One of my clients has me thinking about how artists engage with global problems, render them visually expressive, and thereby raise awareness of them with leaders and sometimes the general public. This certainly seems to have been a function of art for a while; witness the harrowing paintings of some of the Blaue Reiter, the early German Expressionists, predicting WWI when state leaders scoffed at the idea.
Artist Valarie James scours the Arizona desert for shards, leave behinds and things forgotten by the Mexican migrants making their furtive journey to work in the U.S. From them, she makes timely art. It strikes me how much of this detritus is so much a part of our own Anglo culture: the Spanish translation of everyone’s middle school favorite, “The Diary of Anne Frank”; Johnson & Johnson baby shampoo; the Barbie and Batman backpacks; the scraps of torn denim; and Bibles. But for the grace of God, go we.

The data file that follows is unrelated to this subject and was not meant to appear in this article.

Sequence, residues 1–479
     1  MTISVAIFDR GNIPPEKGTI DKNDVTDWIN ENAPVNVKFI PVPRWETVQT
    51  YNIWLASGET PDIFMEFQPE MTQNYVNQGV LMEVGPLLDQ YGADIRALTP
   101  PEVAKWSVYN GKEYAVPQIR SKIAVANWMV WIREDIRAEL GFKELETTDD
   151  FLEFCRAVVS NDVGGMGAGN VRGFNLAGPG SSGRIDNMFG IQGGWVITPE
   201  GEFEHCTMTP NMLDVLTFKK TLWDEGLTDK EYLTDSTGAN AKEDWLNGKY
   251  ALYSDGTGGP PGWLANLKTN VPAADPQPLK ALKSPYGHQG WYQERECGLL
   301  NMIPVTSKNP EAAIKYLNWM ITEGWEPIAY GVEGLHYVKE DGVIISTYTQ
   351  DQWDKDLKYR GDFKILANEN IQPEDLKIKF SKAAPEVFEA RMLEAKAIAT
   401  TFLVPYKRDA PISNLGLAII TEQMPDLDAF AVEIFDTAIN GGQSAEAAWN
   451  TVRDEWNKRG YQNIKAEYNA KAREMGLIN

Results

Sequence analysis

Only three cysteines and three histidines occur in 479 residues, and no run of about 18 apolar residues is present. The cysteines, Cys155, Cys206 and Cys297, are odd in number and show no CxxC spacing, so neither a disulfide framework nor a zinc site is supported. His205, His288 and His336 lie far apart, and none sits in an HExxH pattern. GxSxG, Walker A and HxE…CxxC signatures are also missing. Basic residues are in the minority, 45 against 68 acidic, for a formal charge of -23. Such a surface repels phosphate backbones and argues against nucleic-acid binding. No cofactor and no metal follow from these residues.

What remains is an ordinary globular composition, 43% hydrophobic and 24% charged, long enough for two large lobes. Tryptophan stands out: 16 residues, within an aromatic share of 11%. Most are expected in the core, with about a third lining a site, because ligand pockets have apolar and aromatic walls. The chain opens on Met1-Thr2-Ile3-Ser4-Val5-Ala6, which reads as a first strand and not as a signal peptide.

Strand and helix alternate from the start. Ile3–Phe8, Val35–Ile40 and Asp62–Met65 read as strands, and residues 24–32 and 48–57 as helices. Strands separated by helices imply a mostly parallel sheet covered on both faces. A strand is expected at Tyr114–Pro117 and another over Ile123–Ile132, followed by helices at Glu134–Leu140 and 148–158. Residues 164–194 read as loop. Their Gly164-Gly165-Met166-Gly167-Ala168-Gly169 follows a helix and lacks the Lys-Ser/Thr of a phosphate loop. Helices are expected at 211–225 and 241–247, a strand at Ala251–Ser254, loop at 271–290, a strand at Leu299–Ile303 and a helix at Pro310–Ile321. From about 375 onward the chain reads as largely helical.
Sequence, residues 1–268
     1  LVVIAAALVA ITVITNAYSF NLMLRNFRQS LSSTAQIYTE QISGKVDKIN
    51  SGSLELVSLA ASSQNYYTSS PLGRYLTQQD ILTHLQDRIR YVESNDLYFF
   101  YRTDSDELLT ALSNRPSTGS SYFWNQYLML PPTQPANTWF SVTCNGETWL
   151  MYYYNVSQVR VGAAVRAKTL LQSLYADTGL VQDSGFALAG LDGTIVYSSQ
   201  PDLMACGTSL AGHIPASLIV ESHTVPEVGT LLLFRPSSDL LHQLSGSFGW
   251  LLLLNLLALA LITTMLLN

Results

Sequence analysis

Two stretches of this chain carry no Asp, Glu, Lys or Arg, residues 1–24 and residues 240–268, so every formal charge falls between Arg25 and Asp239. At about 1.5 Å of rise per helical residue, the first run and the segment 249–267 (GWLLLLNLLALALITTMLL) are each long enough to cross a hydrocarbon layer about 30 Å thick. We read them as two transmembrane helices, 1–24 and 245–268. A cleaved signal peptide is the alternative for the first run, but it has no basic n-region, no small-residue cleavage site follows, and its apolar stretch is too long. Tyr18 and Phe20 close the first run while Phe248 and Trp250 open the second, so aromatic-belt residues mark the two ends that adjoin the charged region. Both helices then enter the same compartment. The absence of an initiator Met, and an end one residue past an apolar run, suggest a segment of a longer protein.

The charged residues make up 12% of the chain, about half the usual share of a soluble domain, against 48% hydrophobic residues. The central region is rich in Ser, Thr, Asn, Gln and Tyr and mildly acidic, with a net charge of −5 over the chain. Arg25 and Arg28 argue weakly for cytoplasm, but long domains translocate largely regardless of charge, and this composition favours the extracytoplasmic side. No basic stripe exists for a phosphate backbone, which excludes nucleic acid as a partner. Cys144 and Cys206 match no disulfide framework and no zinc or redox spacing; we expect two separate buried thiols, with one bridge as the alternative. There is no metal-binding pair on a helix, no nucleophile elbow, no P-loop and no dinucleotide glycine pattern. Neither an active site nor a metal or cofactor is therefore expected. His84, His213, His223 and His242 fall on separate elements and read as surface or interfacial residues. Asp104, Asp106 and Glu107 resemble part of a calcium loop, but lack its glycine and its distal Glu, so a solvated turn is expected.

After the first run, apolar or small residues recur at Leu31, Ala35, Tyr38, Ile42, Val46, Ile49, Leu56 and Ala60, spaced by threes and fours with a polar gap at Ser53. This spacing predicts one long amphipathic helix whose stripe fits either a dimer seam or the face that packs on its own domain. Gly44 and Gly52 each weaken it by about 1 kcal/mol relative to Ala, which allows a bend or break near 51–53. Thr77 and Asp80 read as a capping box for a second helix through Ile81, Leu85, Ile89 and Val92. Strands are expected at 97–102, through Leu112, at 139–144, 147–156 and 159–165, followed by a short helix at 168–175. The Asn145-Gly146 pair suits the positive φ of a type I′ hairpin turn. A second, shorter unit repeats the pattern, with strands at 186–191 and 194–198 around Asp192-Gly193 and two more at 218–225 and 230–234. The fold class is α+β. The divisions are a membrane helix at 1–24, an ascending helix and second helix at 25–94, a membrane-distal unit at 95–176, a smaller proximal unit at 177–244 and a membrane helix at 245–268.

Now, why would fathers, mothers and children make this trip if not out of desperation? The routes are littered with trash, evidence that this is a steady stream of would be workers, not a small trickle. Some of course die in the desert during the trip. “For those of us who live close to the border, the humanitarian crisis is not an abstraction,” says James.
“If these clothes weren’t found and brought in, we wouldn’t know these people existed,” she says. Today I took a close look to see if I saw them: the landscape crews in my neighborhood, the painters and drywallers at a client installation, the clean up crew at my gym. Maybe a local artist should interview them and make them visible.
(Painter: Franz Mark)
I have witnessed much of the same thing first-hand in railroad boxcars and in railroad yards around the western and southwestern USA during my travels by freight train.
Any bridge in the city of Portland, if you go underneath, will also have said types of artifacts.